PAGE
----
Tiger Woods Shows He's Human After All with Awful Round at Memorial 2013

Richard LeivenbergContributor IIIJune 1, 2013

DUBLIN, OH - MAY 31:  Tiger Woods watches his tee shot on the 13th hole during the second round of the Memorial Tournament presented by Nationwide Insurance at Muirfield Village Golf Club on May 31, 2013 in Dublin, Ohio.  (Photo by Scott Halleran/Getty Images)
Scott Halleran/Getty Images

Just when it looked like Tiger Woods would simply roll into the U.S. Open, devastate his fellow pro golfers and finally win that 15th major, up jumped the devil in the form of the worst front-nine performance in his career.

Tiger, it seems, is human after all.  His startling 44 on the front nine at Muirfield in the third round was so out of current character that it calls his invincibility into question.

Let's face it, after his last dominant win at the Players, coupled with three previous wins in seven starts this season, Tiger had regained not only his number one status on the tour but the applause of critics and fans alike.

Prior to the Memorial, Tiger dominated the field in many statistical categories. He was number one in scoring average and all-around ranking, led the tour in money earned and was number one in FedEx points.

Tiger's first two rounds of 71 and 74 may have been a harbinger for the front-nine debacle. He barely made the cut and was already 10 shots behind leader Bill Haas.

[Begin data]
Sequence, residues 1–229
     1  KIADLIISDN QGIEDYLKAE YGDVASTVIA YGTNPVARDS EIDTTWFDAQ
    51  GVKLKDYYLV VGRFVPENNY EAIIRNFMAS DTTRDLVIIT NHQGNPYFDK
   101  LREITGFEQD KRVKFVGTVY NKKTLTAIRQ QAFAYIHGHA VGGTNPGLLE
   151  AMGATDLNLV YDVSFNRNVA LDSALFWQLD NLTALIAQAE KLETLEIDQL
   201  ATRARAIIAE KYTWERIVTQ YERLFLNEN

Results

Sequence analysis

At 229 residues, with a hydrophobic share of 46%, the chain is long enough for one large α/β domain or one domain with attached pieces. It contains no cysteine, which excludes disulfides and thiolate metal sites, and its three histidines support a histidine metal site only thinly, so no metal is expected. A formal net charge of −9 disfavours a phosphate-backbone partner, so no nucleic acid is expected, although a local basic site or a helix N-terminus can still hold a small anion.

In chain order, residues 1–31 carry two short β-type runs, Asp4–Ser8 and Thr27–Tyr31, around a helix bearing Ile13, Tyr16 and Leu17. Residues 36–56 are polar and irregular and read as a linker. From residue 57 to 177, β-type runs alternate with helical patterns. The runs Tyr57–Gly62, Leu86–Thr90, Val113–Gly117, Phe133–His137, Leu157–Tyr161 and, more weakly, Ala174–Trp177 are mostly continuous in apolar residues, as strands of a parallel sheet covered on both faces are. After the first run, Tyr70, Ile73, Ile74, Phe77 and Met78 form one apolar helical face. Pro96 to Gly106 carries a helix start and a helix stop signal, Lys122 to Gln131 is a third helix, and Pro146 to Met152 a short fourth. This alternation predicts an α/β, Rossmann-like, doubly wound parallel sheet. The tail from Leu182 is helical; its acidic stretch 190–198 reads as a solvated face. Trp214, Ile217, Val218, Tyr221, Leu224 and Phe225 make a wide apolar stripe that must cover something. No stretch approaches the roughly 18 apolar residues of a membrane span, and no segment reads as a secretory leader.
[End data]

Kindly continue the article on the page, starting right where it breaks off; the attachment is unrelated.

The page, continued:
With gusty winds pounding the course, Woods placed some of the blame on the weather. "It's not that hard to make bogeys and doubles on this golf course. You miss it in the wrong spot, get the wrong gust, it's tough. We had a few shots in our group that ended up in special interesting spots," he told Yahoo Sports.

Most people would probably write off those scores as an anomaly, especially on the course where Tiger has won five times in the past.  Maybe he was a bit tired.  Maybe he is looking forward.  Maybe he took the course lightly since he has had so much success there.

But, the ill wind continued to blow for Tiger whose 44 included two double bogeys, a triple and no birdies.

Perhaps the worst affront to his game was a double on a reachable 515-yard 15th where he ended up doubling.  That hole included a yank left, a tough chip, a lip-out and a three-putt. 

From a purely statistical standpoint, Tiger hit only 50% of greens in regulation during the round, and his driving accuracy was below 75%.

Some days are just like that in golf. Woods did come back on the next nine with a 35, but his 79 knocked him into a tie for 69th place.  He sits at plus-eight for the tournament, while Matt Kuchar is in the lead at minus-eight.

All of this is not to say that Tiger won't get it all together as he makes his way onto the first tee at the upcoming U.S. Open in two weeks.  This may just be a glitch, a sudden dip in an otherwise stellar season.

It also makes for some much loved drama.  Should Tiger not regain his stride in tomorrow's round, the naysayers will most definitely come out again.  The questions will arise and the doubts will emerge.

And Tiger, as if according to some pre-conceived script, will be able to once again shut them down with a big win at Merion and another step towards passing Jack Nicklaus's record of 18 major wins.